Source: Washington Post
By Danielle Paquette
Kimberly Reese has never visited Ghana, but she is already designing her dream home there. The Ohio mother of five says she doesn’t feel safe in the United States.
“Some of us are tired,” said Reese, 54. “Some of us just want to be in an environment where we don’t have to look over our shoulders. Where we don’t have to worry about our sons getting pulled over.”
She’d rather focus on floor plans some 6,000 miles away.
As the United States again confronts its history of racism, as outrage again erupts over police killings, leaders in Ghana say they’re rolling out the welcome mat for black Americans who want to get away from the turmoil.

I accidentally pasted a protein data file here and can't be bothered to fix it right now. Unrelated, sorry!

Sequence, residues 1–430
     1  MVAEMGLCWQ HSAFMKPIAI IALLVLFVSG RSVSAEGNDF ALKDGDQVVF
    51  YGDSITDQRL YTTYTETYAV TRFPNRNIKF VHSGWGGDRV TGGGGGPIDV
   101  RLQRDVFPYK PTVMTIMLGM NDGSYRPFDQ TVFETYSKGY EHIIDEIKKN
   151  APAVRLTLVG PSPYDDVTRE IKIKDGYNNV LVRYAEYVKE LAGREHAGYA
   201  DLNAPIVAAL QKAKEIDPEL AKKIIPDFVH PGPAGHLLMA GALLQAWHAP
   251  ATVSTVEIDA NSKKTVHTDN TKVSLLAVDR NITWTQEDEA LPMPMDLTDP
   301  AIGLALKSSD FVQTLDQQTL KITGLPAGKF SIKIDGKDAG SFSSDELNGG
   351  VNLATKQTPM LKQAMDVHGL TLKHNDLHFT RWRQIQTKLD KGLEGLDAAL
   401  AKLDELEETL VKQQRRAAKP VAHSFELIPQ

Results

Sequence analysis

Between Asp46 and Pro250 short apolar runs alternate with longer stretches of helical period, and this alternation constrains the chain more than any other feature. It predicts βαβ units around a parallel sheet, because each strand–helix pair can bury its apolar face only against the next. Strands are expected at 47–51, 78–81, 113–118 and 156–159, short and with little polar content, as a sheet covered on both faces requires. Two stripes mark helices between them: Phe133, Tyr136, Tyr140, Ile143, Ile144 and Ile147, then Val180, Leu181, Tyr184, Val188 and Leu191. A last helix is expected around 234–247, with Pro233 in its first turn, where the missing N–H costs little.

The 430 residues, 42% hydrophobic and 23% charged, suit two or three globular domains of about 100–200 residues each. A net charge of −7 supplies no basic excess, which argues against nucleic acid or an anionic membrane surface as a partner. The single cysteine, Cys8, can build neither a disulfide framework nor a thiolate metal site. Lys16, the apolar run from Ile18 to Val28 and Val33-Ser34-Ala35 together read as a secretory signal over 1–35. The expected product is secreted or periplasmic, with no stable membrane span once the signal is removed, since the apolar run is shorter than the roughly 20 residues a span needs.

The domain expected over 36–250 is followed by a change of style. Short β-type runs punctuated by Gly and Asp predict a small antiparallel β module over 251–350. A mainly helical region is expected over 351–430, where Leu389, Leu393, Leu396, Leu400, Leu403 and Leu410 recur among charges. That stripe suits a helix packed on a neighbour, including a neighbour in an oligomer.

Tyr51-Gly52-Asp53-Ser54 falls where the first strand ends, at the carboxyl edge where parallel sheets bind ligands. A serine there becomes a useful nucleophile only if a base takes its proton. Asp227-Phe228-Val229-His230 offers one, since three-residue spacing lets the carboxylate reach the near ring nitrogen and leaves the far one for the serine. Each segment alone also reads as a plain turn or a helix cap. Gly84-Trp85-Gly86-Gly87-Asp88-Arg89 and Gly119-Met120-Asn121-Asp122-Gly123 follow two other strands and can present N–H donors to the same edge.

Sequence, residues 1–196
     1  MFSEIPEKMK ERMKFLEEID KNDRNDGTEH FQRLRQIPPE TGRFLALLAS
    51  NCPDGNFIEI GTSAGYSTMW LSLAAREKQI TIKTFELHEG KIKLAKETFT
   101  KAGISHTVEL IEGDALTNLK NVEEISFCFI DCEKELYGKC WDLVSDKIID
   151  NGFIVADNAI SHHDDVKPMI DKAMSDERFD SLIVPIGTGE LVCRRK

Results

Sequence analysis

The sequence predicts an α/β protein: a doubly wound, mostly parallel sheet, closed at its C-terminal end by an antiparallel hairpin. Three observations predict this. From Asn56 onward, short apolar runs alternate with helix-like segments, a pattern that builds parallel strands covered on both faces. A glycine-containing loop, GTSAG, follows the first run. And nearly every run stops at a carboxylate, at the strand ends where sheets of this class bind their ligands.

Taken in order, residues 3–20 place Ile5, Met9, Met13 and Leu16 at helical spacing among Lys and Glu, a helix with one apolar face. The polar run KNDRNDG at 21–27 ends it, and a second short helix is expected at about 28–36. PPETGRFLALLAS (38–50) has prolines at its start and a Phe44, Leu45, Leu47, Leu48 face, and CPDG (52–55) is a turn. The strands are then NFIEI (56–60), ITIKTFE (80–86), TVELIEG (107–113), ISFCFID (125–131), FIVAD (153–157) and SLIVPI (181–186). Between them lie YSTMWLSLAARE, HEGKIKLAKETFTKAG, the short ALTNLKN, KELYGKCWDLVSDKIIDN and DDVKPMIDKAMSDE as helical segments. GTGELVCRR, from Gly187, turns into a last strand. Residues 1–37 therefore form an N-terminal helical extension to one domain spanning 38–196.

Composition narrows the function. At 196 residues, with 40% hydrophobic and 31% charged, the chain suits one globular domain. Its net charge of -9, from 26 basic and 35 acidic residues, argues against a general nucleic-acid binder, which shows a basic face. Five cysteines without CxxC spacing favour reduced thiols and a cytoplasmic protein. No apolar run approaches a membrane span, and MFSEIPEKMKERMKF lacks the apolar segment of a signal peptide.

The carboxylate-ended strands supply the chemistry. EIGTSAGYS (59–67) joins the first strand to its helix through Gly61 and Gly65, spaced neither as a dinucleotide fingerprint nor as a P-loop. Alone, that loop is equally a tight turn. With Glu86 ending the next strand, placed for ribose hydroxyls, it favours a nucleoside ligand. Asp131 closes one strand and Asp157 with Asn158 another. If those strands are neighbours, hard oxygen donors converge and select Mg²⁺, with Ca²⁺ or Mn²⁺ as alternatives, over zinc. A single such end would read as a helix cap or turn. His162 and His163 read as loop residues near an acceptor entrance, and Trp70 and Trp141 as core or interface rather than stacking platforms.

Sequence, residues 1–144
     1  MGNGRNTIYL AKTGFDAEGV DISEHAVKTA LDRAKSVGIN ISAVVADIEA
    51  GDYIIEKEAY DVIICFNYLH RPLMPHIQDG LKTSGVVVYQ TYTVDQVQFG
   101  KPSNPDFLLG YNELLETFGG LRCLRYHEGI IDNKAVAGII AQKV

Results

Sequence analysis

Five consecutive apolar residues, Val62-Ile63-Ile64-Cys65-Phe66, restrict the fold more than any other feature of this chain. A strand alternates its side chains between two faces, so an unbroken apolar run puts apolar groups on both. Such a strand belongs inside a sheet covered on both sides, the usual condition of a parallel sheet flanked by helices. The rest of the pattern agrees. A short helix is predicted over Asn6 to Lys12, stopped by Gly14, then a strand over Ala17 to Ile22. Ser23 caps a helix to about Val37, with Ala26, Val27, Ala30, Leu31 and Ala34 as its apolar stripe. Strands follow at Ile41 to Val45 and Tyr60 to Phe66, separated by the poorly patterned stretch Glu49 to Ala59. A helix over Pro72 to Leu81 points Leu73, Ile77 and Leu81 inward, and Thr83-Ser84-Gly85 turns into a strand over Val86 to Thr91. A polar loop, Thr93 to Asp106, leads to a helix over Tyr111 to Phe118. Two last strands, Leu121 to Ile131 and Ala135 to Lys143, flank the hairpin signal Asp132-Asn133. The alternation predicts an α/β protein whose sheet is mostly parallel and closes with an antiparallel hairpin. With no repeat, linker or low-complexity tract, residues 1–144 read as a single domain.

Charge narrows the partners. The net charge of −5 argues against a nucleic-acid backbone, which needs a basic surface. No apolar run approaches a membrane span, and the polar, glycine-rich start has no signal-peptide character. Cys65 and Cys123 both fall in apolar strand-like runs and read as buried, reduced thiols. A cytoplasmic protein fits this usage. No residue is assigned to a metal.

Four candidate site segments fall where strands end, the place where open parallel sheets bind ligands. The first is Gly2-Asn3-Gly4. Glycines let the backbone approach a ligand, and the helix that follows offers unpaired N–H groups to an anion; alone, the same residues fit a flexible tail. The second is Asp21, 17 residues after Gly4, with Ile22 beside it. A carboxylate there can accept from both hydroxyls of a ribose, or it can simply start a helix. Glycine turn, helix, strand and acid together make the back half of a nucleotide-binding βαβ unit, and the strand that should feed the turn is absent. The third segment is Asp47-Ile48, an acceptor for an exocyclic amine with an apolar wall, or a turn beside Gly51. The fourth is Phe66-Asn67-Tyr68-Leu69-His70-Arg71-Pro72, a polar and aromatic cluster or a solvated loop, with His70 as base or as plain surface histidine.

The government has negotiated with local chiefs to earmark 500 acres of land near the nation’s center for newcomers, carving out enough space for about 1,500 families. Survey and registration fees are waived for members of the African diaspora.
The effort grew out of a public campaign called the Year of Return, which attracted a record number of tourists to the West African country last year — four centuries after the first slave ship reached Virginia — and aims to convert visitors to residents with special land deals, expatriate guides and easier paths to citizenship.